Chairman Matthew Goldstein used a discussion about community benefits agreements (CBAs) at the charter revision commission’s June 24 Land Use forum in Queens to voice his conviction that real estate development and growth are essential to New York City’s economic future. He did not use the session to reveal which issues his commission will place on November’s ballot.
CBAs are “side deals” by which a real estate developer may agree to provide a public benefit to a community group, e.g., jobs, loans, unrelated contracts, in return for its support of a project. They are unregulated private agreements, negotiated by private parties outside of the ULURP framework, and can substantially increase a project’s cost. Continue reading
Posted in 2010 NYC Charter Revision
Tagged 2010 charter revision, 2010 NY charter, Anthony Crowell, bloomberg charter, CBAs, charter revision, Christopher Collins, Citywide Statement of Needs, community benefits agreements, David Karnovsky, Development, Eddie Bautista, Fair Share, Frank Morano, Hope Cohen, Kingsbridge Armory Mall, land use, Matthew Goldstein, Mayor Bloomberg, Michael Bloomberg, Michael R. Bloomberg, New York City Charter, New York City government, NY charter commission, NY charter revision, NYC charter, nyc charter revision, NYC Government, Paul D. Selver, Ronald Lauder, Tom Angotti, Vishaan Chakrabarti
The populist image conveyed by the charter revision commission’s April public hearings will fade in May when invited “consultants, ” commission members, and staff publicly dissect the legalistic, technical, and detailed language of the City Charter at a series of “issue forums.” What are some of the technical issues the experts will examine?
According to commission chair Matthew Goldstein, one prominent goal of this year’s commission will be to find ways to improve “efficiency” in city government. Almost certainly, this will involve identifying procedural and structural changes that can create a more development-friendly environment and help future mayors control key land use decisions. Such changes would seek to prevent recurrence of events such as Mayor Bloomberg’s recent loss to the City Council on the Kingsbridge Armory Mall project in The Bronx, where a dispute over wage rates caused the Council to reject the initiative. Continue reading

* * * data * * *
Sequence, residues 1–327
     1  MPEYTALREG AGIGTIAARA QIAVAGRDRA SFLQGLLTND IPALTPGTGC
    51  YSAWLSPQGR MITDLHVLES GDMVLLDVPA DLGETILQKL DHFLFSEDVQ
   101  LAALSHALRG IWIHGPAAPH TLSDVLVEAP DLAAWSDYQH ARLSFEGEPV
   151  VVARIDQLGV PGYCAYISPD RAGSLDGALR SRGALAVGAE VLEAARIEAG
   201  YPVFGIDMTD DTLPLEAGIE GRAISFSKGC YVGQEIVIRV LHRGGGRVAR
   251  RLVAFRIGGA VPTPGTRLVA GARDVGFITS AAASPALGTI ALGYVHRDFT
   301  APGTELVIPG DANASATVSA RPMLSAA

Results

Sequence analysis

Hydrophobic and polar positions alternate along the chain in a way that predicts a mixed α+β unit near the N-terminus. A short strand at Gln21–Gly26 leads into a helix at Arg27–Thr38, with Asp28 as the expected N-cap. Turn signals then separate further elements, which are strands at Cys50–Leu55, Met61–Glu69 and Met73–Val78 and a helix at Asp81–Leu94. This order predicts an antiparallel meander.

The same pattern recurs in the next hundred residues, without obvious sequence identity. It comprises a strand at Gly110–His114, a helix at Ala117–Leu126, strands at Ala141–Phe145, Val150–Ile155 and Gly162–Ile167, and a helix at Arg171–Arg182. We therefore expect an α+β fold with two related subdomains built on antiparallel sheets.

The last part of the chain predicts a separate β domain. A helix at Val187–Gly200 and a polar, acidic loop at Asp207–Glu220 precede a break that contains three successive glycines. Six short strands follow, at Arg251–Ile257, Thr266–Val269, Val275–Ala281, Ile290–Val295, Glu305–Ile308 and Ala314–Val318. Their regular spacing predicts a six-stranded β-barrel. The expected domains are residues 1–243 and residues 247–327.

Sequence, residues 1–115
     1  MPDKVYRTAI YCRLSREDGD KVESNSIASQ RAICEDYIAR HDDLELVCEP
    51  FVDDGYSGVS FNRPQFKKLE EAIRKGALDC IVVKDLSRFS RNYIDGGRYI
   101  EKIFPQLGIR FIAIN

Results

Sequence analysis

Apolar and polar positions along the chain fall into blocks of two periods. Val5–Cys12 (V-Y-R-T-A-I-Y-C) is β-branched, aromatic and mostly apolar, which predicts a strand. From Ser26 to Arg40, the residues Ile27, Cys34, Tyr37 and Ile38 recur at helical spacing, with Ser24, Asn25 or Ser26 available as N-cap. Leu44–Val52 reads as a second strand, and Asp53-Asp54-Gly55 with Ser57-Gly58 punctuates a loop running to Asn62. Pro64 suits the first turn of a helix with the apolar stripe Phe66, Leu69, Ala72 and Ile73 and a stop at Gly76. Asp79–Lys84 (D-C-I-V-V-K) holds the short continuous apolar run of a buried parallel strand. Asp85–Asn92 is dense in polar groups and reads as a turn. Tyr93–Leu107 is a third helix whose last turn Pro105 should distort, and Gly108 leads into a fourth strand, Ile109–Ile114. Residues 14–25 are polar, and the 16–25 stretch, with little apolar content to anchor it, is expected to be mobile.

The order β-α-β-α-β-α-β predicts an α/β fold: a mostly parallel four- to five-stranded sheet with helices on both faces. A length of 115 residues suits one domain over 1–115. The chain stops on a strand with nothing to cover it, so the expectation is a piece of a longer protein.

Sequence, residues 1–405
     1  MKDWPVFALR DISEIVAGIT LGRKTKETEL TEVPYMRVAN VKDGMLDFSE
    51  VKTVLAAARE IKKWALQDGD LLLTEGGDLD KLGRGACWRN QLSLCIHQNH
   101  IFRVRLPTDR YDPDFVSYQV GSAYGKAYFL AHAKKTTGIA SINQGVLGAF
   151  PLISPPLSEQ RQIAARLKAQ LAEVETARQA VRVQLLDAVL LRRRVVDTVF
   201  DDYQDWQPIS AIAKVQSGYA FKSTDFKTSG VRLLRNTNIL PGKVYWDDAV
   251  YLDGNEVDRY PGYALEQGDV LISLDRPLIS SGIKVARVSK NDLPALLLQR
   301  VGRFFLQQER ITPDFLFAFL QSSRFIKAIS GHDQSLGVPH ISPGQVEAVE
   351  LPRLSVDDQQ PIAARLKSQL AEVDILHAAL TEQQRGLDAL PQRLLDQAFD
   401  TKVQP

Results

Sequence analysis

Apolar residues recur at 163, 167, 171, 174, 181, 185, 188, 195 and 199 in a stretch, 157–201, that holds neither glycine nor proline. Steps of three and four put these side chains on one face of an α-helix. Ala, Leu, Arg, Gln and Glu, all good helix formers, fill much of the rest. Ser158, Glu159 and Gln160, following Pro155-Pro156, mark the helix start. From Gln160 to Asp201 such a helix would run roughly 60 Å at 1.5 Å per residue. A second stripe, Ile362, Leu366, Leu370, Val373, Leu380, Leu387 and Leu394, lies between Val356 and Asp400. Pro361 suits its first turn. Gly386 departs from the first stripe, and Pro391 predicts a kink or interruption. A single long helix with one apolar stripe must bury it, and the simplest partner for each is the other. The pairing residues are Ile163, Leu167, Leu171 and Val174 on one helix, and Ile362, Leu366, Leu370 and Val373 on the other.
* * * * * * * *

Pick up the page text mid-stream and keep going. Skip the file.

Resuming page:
Posted in 2010 NYC Charter Revision
Tagged 2010 charter revision, 2010 NY charter, bloomberg charter, Borough Presidents, CBAs, CEQR, charter revision, community benefits agreements, Community Boards, Development, Hope Cohen, Kingsbridge Armory Mall, land use, Manhattan Institute, Matthew Goldstein, Michael Bloomberg, Michael R. Bloomberg, Mort Zuckerman, New York City Charter, New York City government, New york Community boards, non-partisan elections, NY charter commission, NY charter revision, NY City Council, NYC charter, NYC Government, ULURP
A NYC blog about small businesses, The Neighborhood Retail Alliance, calls the Daily News’ editorial treatment of job losses in The Bronx “a classic case of misdirection!”
With New York and California vying for the title of the most dysfunctional state government in the U.S., it’s hard to find anyone in New York City these days who will publicly compliment Albany. Mike Bloomberg draws cheers when he blames Albany for taxing NYC’s revenues and returning less than the city’s fair share. City public school equitable funding advocates agree with him, not without reason. Charter school operators and supporters bristle at Albany’s failure to lift the state’s 200-school cap. Atlantic Yards opponents chafe at Albany’s strong-arm development tactics. State aid to the Big Apple is reduced and city jobs are threatened because Albany’s budget deficit is gigantic. These days, Albany is an easy target. Continue reading